The Great Debate

Why you’ll always lose with drones alone

By David Axe
July 13, 2015
Handout of the Triton unmanned aircraft system completing its first flight from Northrop Grumman manufacturing facility in Palmdale

The Triton unmanned aircraft system completing its first flight from the Northrop Grumman manufacturing facility in Palmdale, California, May 22, 2013. U.S. Navy photo courtesy of Northrop Grumman/Alex Evers/Handout via Reuters

U.S.-funded Afghan police prey on those they’re paid to protect

By Graeme Smith
June 10, 2015
A member of the Afghan local police meets with soldiers from the U.S. Army's 1st Platoon, Alpha Company, 1st Battalion, 36th Infantry Regiment at a checkpoint near Combat Outpost Hutal in Maywand District

A member of the Afghan local police meets with soldiers from the U.S. Army in Kandahar Province, Afghanistan, January 20, 2013. REUTERS/Andrew Burton

Why Pakistan is friends with everyone – and no one

By Paula Newberg
May 26, 2015
India's PM Modi shakes hands with his Pakistani counterpart Sharif as Nepal's PM Koirala and Afghanistan's President Ghani watch during the closing session of 18th SAARC summit in Kathmandu

Indian Prime Minister Narendra Modi (front L) shakes hands with Pakistani Prime Minister Nawaz Sharif (front C) as Nepal’s Prime Minister Sushil Koirala (back 2nd L) and Afghanistan’s President Ashraf Ghani (front R) look on at the 18th South Asian Association for Regional Cooperation summit in Kathmandu, November 27, 2014. REUTERS/Niranjan Shrestha/Pool

Hostage deaths prove it’s time to rein in ‘signature’ drone strikes

By David Rohde
April 28, 2015
American hostage Warren Weinstein is shown in this image captured from an undated video courtesy of SITE Intelligence Group

American hostage Warren Weinstein is shown in this image captured from an undated video courtesy of SITE Intelligence Group. Reuters/SITE/As-Sahab Media released by SITE Intelligence Group/Handout via Reuters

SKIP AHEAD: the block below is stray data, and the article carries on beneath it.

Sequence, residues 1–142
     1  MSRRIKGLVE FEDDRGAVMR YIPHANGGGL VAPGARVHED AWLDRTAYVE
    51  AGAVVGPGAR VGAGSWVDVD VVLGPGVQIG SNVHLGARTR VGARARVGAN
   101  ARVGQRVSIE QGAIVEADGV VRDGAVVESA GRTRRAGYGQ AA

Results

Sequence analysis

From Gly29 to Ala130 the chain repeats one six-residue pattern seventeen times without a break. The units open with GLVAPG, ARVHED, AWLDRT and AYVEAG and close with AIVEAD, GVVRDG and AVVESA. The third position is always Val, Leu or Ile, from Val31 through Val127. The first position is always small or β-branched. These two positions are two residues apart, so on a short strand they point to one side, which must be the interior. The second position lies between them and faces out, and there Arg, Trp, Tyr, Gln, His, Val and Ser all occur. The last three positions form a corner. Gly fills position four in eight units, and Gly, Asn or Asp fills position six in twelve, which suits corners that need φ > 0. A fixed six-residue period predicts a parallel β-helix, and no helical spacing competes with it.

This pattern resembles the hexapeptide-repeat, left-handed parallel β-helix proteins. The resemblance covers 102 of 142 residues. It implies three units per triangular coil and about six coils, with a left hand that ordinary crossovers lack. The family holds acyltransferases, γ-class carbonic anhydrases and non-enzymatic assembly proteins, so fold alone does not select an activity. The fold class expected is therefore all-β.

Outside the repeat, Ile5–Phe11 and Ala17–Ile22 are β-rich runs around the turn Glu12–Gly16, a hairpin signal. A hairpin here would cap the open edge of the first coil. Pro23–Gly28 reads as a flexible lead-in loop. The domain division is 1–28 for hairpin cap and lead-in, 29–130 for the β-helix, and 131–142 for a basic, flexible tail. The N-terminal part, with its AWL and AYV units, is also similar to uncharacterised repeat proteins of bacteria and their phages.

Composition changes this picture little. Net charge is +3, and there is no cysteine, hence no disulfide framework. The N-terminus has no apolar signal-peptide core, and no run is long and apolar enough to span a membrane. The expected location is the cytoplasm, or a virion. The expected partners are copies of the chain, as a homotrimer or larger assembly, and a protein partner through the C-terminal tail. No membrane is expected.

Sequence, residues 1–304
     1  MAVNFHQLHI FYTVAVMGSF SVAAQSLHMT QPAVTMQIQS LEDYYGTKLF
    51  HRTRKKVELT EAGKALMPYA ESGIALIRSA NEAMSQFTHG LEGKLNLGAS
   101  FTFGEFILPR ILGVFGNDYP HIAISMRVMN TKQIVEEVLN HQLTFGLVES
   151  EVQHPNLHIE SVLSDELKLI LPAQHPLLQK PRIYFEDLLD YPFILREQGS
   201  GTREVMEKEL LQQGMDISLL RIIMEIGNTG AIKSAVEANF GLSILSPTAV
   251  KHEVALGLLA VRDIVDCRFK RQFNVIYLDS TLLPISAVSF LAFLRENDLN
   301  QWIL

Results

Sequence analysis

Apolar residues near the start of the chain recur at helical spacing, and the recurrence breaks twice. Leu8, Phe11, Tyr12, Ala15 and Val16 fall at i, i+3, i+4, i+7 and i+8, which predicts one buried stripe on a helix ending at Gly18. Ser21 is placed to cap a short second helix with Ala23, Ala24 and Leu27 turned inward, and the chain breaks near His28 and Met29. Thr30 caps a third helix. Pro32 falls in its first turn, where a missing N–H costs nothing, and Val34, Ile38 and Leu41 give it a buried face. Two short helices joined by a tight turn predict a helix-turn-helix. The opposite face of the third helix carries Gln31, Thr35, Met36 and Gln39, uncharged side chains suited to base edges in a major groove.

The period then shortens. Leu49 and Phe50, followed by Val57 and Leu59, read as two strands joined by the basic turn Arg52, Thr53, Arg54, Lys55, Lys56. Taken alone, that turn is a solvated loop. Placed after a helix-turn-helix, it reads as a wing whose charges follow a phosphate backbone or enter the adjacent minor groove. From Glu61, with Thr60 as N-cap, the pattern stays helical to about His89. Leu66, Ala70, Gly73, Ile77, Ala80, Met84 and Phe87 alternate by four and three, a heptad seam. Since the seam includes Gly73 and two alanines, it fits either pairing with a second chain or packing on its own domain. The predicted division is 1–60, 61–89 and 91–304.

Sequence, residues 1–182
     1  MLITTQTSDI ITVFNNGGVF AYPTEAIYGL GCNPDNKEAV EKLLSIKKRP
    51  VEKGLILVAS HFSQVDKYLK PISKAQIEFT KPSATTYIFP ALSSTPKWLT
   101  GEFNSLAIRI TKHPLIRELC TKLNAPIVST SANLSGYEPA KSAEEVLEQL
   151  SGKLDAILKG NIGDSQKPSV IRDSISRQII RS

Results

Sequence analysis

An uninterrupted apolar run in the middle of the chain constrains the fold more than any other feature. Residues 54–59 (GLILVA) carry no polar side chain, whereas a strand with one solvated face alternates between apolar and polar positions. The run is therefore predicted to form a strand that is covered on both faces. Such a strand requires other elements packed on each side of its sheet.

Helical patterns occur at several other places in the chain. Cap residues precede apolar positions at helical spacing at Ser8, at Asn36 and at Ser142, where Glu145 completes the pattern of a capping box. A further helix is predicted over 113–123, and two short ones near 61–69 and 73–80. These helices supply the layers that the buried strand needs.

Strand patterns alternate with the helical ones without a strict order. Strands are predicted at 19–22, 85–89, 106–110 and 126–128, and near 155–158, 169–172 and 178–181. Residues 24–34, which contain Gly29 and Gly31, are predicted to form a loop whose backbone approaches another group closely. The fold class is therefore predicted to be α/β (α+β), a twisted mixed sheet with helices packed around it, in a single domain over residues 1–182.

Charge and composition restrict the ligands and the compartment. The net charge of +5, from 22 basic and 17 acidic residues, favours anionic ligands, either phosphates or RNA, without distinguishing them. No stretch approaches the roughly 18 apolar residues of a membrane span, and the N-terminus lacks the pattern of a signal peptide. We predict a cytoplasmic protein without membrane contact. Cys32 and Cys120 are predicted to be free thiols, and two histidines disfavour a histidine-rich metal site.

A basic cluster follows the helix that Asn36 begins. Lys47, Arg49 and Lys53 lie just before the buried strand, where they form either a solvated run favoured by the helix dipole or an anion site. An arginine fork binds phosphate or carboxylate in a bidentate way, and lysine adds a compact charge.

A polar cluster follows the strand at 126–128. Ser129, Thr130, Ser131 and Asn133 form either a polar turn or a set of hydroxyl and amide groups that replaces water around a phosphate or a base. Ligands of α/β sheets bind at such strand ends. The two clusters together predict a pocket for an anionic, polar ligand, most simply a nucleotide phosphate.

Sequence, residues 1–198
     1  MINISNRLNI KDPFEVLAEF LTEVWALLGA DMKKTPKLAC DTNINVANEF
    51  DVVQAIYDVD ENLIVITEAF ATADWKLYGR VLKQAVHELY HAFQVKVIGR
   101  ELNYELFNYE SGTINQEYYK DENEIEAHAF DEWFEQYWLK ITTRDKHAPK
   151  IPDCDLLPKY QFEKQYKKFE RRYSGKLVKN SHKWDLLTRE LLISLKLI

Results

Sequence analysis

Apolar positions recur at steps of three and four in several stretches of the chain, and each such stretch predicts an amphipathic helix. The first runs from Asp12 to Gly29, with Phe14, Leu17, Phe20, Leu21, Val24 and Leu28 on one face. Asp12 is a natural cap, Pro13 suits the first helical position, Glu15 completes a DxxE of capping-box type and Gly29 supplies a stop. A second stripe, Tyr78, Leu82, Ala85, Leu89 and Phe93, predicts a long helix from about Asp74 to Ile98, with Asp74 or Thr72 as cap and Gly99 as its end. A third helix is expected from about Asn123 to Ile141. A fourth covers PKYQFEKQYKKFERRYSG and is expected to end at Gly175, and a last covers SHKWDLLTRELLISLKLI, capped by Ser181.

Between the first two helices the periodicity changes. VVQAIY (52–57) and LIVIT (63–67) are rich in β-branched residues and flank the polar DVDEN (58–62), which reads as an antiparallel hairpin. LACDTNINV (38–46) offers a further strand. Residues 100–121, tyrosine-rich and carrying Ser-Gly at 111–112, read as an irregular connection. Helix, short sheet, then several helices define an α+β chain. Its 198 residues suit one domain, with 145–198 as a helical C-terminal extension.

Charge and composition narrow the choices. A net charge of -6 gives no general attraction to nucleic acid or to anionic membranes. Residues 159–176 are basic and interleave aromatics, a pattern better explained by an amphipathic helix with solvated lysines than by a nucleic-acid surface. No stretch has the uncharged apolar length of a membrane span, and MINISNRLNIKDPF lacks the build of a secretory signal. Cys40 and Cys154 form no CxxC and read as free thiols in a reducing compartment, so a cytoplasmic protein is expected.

from Breakingviews:

Rob Cox: Welcome to the new, global Tangentopoli

February 26, 2015

By Rob Cox

The author is a Reuters Breakingviews columnist. The opinions expressed are his own.

Don’t believe the U.S. military when it says it doesn’t keep body counts

By David Axe
January 22, 2015
Residents inspect damaged buildings in what activists say was a U.S. strike, in Kfredrian

Residents inspect damaged buildings in what activists say was a U.S. strike, in Kfredrian, Idlib province September 23, 2014. REUTERS/Abdalghne Karoof

Where has this Obama been hiding? Six takes on the State of the Union

By Allison Silver
January 21, 2015
U.S. President Barack Obama delivers his State of the Union address to a joint session of the U.S. Congress on Capitol Hill in Washington

President Barack Obama delivers his State of the Union address on Capitol Hill in Washington, January 20, 2015. REUTERS/Jonathan Ernst

Prediction: Obama will decide to keep U.S. troops in Afghanistan beyond 2016

December 22, 2014

U.S. Marines prepare to board a plane at the end of operations for U.S. Marines and British combat troops in Helmand

In 2015, I predict that President Barack Obama will rethink his plan to have all operational U.S. combat forces out of Afghanistan by the end of 2016.

Hunting for scapegoats, Obama bagged the wrong guy in Hagel

By Lawrence Korb
November 24, 2014

U.S. Defense Secretary Hagel listens as President Obama announces Hagel's resignation at the White House in Washington

The timing of Chuck Hagel’s resignation as secretary of defense may have been a surprise, but the fact that he was on his way out has been rumored for weeks. The real issue is why he either stepped down or was forced to leave after such a comparatively short time in office.

Nine interviews that will make you smarter

By Jason Fields
July 7, 2014

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Imagine a place where retired-four-star General Stanley McChrystal, warmly shakes your hand and insists you call him Stan. He means it, too, joking when the word general pops out of your mouth while you position him properly in front of the cameras for a brief interview. He wants to talk about getting young people involved in public service through a program where they would dedicate a year of their lives to improving the country. But he’s game to talk about the wars in Iraq and Afghanistan, too. He served in both — becoming the man in charge in Afghanistan before comments he made to Rolling Stone that were critical of the Obama administration ended up costing him his job.